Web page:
“The research project succeeded in getting public intellectuals who have written on the threat of neoliberalism to the humanities, such as Martha Nussbaum, Marilyn Strathern, Stefan Colini, and Rowan Williams to join its advisory board. Their very presence drew attention to the dispute and helped ensure it was more widely publicised. As one key goal of RTB was raising the reputation of the university internationally, such attention risked undermining RTB by negatively damaging the reputation”. [Morrish & The Analogue University, 2017 forthcoming]. Again, would this invite disciplinary action under the proposed amendments?

Industrial action

“In the summer of 2016, after all the attempts at getting the university management to withdraw it failed, the UCU moved towards industrial action in the form of Action Short of a Strike (ASOS), principally a marking boycott. This precipitated a swift climbdown on the part of management and a successful resolution of the dispute in favour of the Union and its members”. [Morrish & The Analogue University, 2017, forthcoming]

Articulate an alternative vision and vocabulary of excellence in academia

The activists felt that they ‘fought hard but without bitterness’. It was important for them to not personalise the campaign as being against the VC and senior management. An alternative to RTB was drafted under the title ‘Improving Research Together’ (IRT).This recognised the need to be seen to perform well in key audit exercises, and asked management to withdraw RiPE and engage in the proposed IRT alternative as, “an inclusive, collegial, evidence-based, bottom-up process to devise a non-coercive framework in which to foster a higher-performing research community”(Academic Frameworks for Research Improvement, Newcastle University / University and College Union, June 6, 2016). [Morrish & The Analogue University, 2017, forthcoming]

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Dragged from the plane in academia…time for a culture hack

I’m sure this incident recorded by a passenger on United Airlines will be remembered long after 10th April 2017.

Watching this poor man being violated and treated so inhumanely disturbed me in a very profound way. It stayed with me as a reminder of what seems like an increasingly uncivil, uncaring and ruthless society. There is a massive amount wrong with being dragged off the plane when you have paid for a seat, and settled in for take-off. Sitting with your family and looking forward to getting home. And then two men charge at you and break your face and humiliate you as if nothing about you was valuable, and as if you didn’t matter to anyone, least of all the company. As if you were a criminal.

We all know that the CEO’s first instinct was to defend the actions of the Chicago ground crew and security. He was forced to backtrack within days in the face of viral bad publicity on social and news media. Then on 28th April 2017 there arrived in my inbox an email from United CEO Oscar Munoz which fulfilled all the criteria for a sincere and abject apology. Most significant was this section:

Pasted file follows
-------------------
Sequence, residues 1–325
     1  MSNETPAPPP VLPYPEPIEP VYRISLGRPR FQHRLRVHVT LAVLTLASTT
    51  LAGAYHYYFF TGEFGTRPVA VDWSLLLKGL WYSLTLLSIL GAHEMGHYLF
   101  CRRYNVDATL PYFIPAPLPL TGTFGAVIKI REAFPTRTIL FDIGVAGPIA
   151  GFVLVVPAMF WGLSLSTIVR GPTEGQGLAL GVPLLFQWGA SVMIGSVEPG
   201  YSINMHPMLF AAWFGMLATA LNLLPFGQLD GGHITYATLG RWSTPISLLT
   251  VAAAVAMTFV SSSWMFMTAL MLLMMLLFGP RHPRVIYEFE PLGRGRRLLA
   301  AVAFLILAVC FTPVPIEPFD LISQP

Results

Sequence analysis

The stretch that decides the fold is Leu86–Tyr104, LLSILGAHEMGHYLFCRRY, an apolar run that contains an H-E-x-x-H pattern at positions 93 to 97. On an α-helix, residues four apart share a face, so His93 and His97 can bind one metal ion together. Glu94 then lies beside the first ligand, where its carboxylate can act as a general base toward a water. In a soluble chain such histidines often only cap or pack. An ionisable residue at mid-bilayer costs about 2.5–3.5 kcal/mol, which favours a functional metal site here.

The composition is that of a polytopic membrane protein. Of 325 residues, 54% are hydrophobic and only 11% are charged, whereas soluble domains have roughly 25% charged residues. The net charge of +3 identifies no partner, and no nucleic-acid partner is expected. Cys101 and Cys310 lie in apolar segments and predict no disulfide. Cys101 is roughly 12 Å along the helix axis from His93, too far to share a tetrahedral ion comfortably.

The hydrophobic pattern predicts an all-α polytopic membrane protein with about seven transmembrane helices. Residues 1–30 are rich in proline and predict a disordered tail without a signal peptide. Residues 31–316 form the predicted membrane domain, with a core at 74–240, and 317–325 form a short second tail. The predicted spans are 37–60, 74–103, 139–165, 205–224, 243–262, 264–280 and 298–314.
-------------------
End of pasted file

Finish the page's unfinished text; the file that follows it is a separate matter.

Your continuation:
“It happened because our corporate policies were placed ahead of our shared values. Our procedures got in the way of our employees doing what they know is right”.

Right there, that sounds like a major change of corporate direction. A kinder, humbler more intelligent United Airlines which places trust in the wisdom and experience of its employees. Things may be looking up for United. My rage and fear softened. I dared to think I could bestow the trust they are so anxious to earn. I hope I’m right. They had clearly taken a leaf out of Amtrak’s book when the company emailed customers immediately after the last derailment in Pennsylvania. In that letter, the Amtrak CEO expressed sympathy with bereaved families, and unequivocally took responsibility.

Kate Bowles evidently received the same email from Oscar Munoz as I did. In her recent blog piece, she made the connection between the brutality and carelessness the passenger faced, and some of the behaviour we and our colleagues have been witnessing in universities. At one extreme, we remember the professor slammed to the ground by police for allegedly jaywalking on the campus of Arizona State University. More typically in universities the harm is psychological and involves demoralizing or victimizing colleagues. Kate has now activated ‘dragged off the plane’ as a metaphor for those violations. I found it staggeringly powerful when she placed it in an academic context because this is, after all, what drove me out – watching one after another of my colleagues being dragged off the plane. And Kate points out, it is no easier for those in positions of leadership.

“Workplace leaders, on the other hand, have more on the line; they’re watching the rising tides of redundancy and job casualisation around them, and hoping that by clambering to higher ground they can stay one step ahead of what’s coming. On top of this, they’re increasingly seeing colleagues being dragged from the plane, and responding with helplessness and loss. And this is the climate in which they have to lead”.